How rich is Jimmy Connors?
Jimmy Connors net worth:
Jimmy Connors information
Jimmy Connors information
|Birth date:||September 2, 1952|
|Birth place:||East St. Louis, Illinois, United States|
|Height:||5 ft 9 in (1.77 m)|
|Weight:||150 lbs (68 kg)|
|Profession:||Tennis player, Athlete, Coach|
|Nationality:||United States of America|
|Spouse:||Patti McGuire (m. 1979)|
|Children:||Aubree Connors, Brett Connors|
Jimmy Connors Net Worth, Biography, Wiki 2017-2016
James Scott Connors was born on the 2nd September 1952, in East St. Louis, Illinois USA. He is best known for being a retired professional tennis player, who won eight Grand Slam titles, and was ranked the world No. 1 tennis player, so we can say for him that he is generally considered to be one of the greatest tennis players of all time. His career was active from 1972 to 1996.
Have you ever wondered how rich is Jimmy Connors as of early 2016? Sources estimate that Jimmy’s net worth is over $12 million, with the main source of his wealth being his career as a professional tennis player. Additional to this, when he retired he started working as a coach of widely-known tennis players, which has also added a lot to his net worth. Another source of his wealth is coming from selling his autobiographical book.
Jimmy Connors Net Worth $12 Million
Jimmy Connors was raised by his parents, James Connors Sr., and Gloria Connors, who was a professional tennis player. He began playing tennis when he was very young, thanks to his mother, who taught and trained him. When he was 16 years old, he moved to Southern California to start training with Pancho Segura. After graduation from high school, Connors became a student at the University of California, Los Angeles (UCLA). Side by side with education, he continued playing tennis, and his first victory came at the Pacific Southwest Open in Los Angeles, when he defeated Roy Emerson. With this win his net worth started increasing quickly. After studying for only a year, Connors won the title at the NCAA singles in 1972, and the Jacksonville Open, so he quit education to pursue his professional tennis career.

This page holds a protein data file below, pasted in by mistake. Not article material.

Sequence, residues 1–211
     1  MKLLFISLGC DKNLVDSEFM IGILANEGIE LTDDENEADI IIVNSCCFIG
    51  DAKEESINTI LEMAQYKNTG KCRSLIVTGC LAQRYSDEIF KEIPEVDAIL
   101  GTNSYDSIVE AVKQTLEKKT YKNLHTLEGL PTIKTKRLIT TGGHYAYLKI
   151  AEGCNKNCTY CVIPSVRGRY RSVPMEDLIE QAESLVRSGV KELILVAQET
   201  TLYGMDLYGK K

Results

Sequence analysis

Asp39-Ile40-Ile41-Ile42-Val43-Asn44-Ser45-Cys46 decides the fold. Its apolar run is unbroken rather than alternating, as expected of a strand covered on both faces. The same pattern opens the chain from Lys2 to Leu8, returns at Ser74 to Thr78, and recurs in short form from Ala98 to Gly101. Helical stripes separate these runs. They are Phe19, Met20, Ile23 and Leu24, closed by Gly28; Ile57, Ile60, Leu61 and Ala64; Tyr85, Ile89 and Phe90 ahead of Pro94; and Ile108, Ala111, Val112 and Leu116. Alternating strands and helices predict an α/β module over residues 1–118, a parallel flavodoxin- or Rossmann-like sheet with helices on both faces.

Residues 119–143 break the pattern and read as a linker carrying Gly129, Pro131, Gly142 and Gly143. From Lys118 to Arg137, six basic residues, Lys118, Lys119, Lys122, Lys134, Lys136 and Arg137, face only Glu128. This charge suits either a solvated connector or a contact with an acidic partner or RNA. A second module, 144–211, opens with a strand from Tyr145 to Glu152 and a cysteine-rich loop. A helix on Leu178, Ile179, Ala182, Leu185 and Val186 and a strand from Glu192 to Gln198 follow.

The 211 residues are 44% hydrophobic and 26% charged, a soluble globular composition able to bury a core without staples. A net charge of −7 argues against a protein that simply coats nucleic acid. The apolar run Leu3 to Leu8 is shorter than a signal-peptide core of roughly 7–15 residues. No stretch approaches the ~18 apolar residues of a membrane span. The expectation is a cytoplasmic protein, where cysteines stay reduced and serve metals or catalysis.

At the beginning of Jimmy Connors’ professional career, he refused to become a member of the Association of Tennis Professionals (ATP), and instead chose to compete at smaller and independent tournaments, organized by Bill Riordan, who was his manager at that time. Anyway, he eventually joined the ATP and immediately began to show his dominance on tennis courts. His first major win was in five sets against the legendary Arthur Ashe in the finals of the US Pro-Singles.
From 1974 until 1984, Connors won eight Grand Slam titles, including five U.S Opens in 1974, 1976, 1978, 1982, and 1983, two Wimbledon titles in 1974 and 1982, and one Australian Open title in 1974. His net worth was certainly rising. The year 1974 was his best, winning all three Grand Slam championships he participated in, as he was denied participation in the French open, as a result of his connection with WTT, World Team Tennis.
To speak further of the success he had in 1974, he played 99 matches and recorded 95 wins, which increased his net worth to a large degree. After the 1985 season, his career began to decline, however he managed to stay in the top 20 tennis players until his retirement. He held the record of 160 consecutive weeks from the 29th July 1974 to the 22nd August 1977, as the No. 1 ranked tennis player on the ATP list. Thanks to his accomplishments in tennis, Jimmy Connors has been inducted into the Inter-Collegiate Tennis Association Hall of Fame (1986), and the International Tennis Hall of Fame(1998), and onto the St. Louis Walk of Fame.
His retirement came in 1996, and in a career that lasted for over 20 years, Jimmy won 109 titles, which is the best result even now. A decade after retirement, Jimmy started a successful coaching career; beginning with Andy Roddick, who was under his mentorship from 2006 until 2008, after which Jimmy switched to women tennis, coaching Maria Sharapova, from 2008 until 2013, and most recently he became the coach of promising young star Eugene Bouchard.